This reminds me of Karl Popper’s remark about all human cognition being about problem-solving. If ethics is just another form of problem-solving then that allows us to step back from a condemnation of historical slavery without requiring us to consider slavery today as having potential merit, because the conditions in which slavery coincided with a moral order simply do not exist today. Yes, this does imply that someone can both be ethical and cruel, but to argue otherwise is to imply that human ethics is very new, as a social history of our species is a history of cruelty.

    One crucial point is to separate out different modes of human experience and to not privilege ethics over other modes of experience, as almost everyone does when discussing ethics. In any universalist notion of ethics, any posited ethical principle is something that ultimately trumps all other considerations, but that is only a problem is one is looking for a universalist notion of ethics. If we simply look at ethics as a category of cognitive problem-solving tools, then we no longer need to look at ethics as something that dictates to and trumps all other considerations. This allows us to view ethics in the light of other demands made upon us as we live our lives, struggling to survive and thrive.

    Ethics evolved to serve life, life did not evolve to serve ethics.

  • Asher · December 8, 2008 at 3:23 pm

    Tulse :
    some researchers have argued that psychopathy is an evolutionarily stable strategy (given a population that is mostly composed of non-cheaters).
    But more to the point, without some sort of notion of what ethics is a priori, we can’t even identify which genetically determined characteristics and/or behaviours involve ethical issues and which don’t.
    we have to know ahead of time what behaviours (genetically determined or not) might involve ethics, evo-psych cannot be the source of this determination.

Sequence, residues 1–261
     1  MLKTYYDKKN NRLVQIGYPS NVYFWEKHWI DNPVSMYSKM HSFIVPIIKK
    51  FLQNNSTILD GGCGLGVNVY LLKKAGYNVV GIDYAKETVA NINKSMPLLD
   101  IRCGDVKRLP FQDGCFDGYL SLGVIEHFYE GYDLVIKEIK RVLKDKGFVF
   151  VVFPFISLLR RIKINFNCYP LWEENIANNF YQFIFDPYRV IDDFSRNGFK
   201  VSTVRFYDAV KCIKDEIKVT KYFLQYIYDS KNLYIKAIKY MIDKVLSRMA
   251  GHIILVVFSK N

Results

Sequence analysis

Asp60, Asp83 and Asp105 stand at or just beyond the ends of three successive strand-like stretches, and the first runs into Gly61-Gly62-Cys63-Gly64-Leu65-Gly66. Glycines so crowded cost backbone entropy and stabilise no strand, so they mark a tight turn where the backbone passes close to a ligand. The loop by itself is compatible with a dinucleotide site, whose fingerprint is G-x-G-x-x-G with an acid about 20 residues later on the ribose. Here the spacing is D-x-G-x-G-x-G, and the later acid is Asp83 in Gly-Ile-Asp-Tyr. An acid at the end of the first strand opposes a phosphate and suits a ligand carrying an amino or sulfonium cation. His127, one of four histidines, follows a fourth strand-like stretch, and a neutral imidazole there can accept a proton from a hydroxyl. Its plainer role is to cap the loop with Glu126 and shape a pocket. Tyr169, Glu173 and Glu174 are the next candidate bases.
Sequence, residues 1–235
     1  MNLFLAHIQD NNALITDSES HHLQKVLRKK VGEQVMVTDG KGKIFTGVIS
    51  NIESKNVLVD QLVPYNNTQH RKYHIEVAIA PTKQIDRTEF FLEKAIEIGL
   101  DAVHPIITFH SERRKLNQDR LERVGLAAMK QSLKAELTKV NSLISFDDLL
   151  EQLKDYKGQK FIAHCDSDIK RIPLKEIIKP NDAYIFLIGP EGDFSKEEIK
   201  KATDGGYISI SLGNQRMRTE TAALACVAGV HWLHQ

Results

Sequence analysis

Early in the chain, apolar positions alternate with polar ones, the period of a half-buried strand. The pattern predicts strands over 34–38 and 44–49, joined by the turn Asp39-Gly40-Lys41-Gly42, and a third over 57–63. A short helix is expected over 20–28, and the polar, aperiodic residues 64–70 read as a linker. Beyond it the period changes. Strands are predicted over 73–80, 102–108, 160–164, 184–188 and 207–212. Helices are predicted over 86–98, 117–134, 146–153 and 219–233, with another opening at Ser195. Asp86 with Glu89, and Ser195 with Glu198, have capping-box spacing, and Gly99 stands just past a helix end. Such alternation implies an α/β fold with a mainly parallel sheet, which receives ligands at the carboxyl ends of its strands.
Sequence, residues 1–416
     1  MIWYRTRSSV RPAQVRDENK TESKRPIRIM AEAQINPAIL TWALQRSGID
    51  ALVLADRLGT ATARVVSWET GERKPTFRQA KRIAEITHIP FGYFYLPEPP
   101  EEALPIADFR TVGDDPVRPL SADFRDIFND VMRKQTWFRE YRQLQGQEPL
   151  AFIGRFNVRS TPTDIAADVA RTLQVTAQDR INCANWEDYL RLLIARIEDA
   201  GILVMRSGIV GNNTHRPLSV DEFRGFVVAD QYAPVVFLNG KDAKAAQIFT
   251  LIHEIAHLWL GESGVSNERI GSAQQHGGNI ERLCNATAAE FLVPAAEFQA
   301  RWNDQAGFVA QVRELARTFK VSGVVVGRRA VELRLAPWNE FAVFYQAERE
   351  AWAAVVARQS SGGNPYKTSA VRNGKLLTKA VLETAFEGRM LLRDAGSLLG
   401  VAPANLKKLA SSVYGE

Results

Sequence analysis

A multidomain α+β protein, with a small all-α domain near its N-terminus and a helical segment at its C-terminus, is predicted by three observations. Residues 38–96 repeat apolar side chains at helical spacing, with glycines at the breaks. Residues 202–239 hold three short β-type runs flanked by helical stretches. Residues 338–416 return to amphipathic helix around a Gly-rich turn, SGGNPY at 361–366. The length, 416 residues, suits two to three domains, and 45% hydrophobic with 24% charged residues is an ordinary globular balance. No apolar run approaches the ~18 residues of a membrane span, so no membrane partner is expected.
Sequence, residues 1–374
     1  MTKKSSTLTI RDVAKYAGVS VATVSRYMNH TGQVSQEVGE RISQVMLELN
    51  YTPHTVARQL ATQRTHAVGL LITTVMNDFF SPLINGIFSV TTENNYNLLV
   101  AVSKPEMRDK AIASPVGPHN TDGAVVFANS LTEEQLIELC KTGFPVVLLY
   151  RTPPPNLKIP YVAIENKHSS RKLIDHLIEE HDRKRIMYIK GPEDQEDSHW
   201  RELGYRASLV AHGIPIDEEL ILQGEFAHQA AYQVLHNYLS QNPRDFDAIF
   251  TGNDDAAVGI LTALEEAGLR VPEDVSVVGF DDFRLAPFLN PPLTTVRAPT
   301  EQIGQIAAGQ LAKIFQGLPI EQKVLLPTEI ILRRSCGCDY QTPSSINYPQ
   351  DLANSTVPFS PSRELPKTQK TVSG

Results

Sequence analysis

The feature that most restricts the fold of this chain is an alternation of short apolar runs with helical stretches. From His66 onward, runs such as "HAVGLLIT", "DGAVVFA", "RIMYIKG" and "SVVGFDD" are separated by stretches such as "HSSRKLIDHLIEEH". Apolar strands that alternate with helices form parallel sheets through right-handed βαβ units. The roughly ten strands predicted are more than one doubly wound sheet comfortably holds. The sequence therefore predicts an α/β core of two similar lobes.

Perhaps a more relevant example would be that the level of skin melanin is definitely genetically determined, but society has generally changed its view on whether this is a morally-relevant fact or not. That change was not brought about by any biological information, any data about evolutionary history, but by factors that were independent of such facts.

    Okay, so let’s assume that psychopathy is genetic. Why does that matter? We still would try to eliminate that psychopathic behavior from the general social environment by removing psychopathic individuals from ciruculation, i.e. imprisonment/execution. Eliminating threats is a normal animal function, and we don’t need “moral reasoning” to execute those functions, although I would say that identifying exactly what constitutes social threats is a product of moral reasoning. The thing is that all behaviors potentially involve “ethical issues” given that we’re a social species and that the origins of the Greek term “ethos” simply means “shared understanding”. The thing is that a psychopath is someone who is not capable of having a shared understanding with out human beings;i.e. that faculty seems to be broken in those individuals.